On April 26, the Food and Drug Administration (FDA) authorized several NJOY Ace vaping products. It is the most significant positive decision to date on the premarket tobacco product applications (PMTAs) that all vapor companies had to file with the agency. Decisions were expected in September 2021; as late as this move comes, it’s an official endorsement of sorts of vaping as a harm reduction alternative to cigarettes, and offers some hope to former smokers who rely on far-less-harmful vapes.
NJOY can now continue to legally sell its NJOY Ace device without fear of it being removed from the market, along with three tobacco-flavored pods: Classic Tobacco in 2.4 percent and 5 percent nicotine strength, and Rich Tobacco in 5 percent.
According to Nielsen and analyst reports, which measure financial data typically from convenience stores (and not vape shops), NJOY is the third-largest vape manufacturer in the United States after Vuse and Juul, holding a little more than 3 percent of the market. Juul tends to hover around 38 percent and Vuse—owned by R.J. Reynolds, a subsidiary of British American Tobacco—near 30 percent.
Considering NJOY’s well-resourced applications, suspicions will increase that agency is enacting a de facto flavor ban.
Tobacco reduction proponents will broadly welcome the news. The FDA’s previous two authorizations—for Logic e-cigarettes and the outdated Vuse Solo—were for products that few people actually use. Both, too, have financial ties with Big Tobacco; NJOY is the first independent vapor company to receive any sort of FDA authorization. Meanwhile, Juul and Vuse’s Alto device remain under review, and many observers suspect the FDA is evaluating the PMTAs of the largest companies in the order in which they were received.
Thousands of smaller companies, with fewer resources behind their submissions, have meanwhile received marketing denial orders (MDOs) under an allegedly “arbitrary and capricious process,” sparking a number of court cases.
As the FDA noted, the PMTAs for two menthol-flavored Ace pods are still under review. Many industry observers do not expect those decisions until after the agency imminently publishes a rule that would ban the sale of menthol combustibles. (NJOY sells much more menthol-flavored products than it does tobacco.) The agency also denied some other flavored Ace pods, including watermelon- and blueberry-flavored cartridges.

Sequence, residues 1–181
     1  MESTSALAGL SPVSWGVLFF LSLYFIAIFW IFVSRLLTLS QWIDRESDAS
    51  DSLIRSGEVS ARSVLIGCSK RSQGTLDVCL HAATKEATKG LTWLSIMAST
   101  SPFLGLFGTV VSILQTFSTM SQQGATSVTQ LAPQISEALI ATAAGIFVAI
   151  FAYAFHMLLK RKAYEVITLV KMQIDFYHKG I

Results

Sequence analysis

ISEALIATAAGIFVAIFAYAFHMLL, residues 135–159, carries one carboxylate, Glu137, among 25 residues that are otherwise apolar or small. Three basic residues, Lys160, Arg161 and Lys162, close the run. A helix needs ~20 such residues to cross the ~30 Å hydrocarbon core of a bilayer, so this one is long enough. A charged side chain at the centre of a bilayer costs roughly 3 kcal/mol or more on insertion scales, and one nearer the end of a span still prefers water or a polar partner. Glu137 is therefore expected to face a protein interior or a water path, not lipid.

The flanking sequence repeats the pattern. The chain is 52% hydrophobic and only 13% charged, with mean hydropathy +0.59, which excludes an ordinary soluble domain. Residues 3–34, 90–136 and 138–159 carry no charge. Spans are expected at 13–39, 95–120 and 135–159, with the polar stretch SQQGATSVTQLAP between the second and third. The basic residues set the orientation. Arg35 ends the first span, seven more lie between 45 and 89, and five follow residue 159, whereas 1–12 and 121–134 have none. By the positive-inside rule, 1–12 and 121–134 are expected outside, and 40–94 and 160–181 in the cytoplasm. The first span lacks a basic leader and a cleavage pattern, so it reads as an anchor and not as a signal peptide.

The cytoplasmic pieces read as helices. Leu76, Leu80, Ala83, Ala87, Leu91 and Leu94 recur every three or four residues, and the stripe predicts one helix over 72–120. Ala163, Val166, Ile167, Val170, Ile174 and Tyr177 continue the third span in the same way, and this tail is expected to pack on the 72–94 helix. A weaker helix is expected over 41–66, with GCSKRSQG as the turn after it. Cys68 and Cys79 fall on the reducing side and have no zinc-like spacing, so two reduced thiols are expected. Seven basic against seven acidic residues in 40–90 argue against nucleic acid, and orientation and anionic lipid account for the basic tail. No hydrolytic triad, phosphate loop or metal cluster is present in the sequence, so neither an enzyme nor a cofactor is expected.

No flavored product has yet received FDA authorization. And considering NJOY’s well-resourced applications, suspicions will increase that agency is enacting a de facto flavor ban. Most smokers who switch to vaping prefer flavors other than tobacco to help them quit cigarettes.
“Unlike the only two other companies with authorizations, NJOY could not subsidize their applications with cigarette sales, so they were at a disadvantage from the start.”
“Looking at the situation with rose-colored glasses, an independent pioneer like NJOY getting two nicotine vaping products through the convoluted FDA authorization process is something to celebrate,” Greg Conley, the president of the American Vaping Association (AVA), told Filter. “Unlike the only two other companies with authorizations, NJOY could not subsidize their applications with cigarette sales, so they were at a disadvantage from the start.”
“The FDA’s current policy of denying all flavors and deferring action on menthol applications is evidence of just how broken the agency is,” he continued. “The FDA still has not accepted that millions of adult vapers will not be switching to tobacco flavors anytime in the future.”
Like all other vape producers, NJOY had to submit PMTAs to prove each product was “appropriate for the protection of public health” in order to keep it legally on the market—a standard that has come to be understood as a given product’s likelihood of helping an adult smoker switch to the safer alternative while not introducing a new generation to nicotine.
In a press release the FDA said that NJOY’s authorized vaping products passed this APPH threshold by demonstrating that “overall harmful and potentially harmful constituent (HPHC) levels in the aerosol of these products is lower than in combusted cigarette smoke;” that there were “lower levels of exposure to HPHCs compared to the dual users of the new products and combusted cigarettes; and that ”the “potential benefit to adult smokers who switch completely or significantly reduce their cigarette use would outweigh the risk to youth” if “the company follows post-marketing requirements to reduce youth access and youth exposure to their marketing.”
The Influence Foundation, which operates Filter, has received grants from Reynolds, Juul and AVA. Filter’s Editorial Independence Policy applies.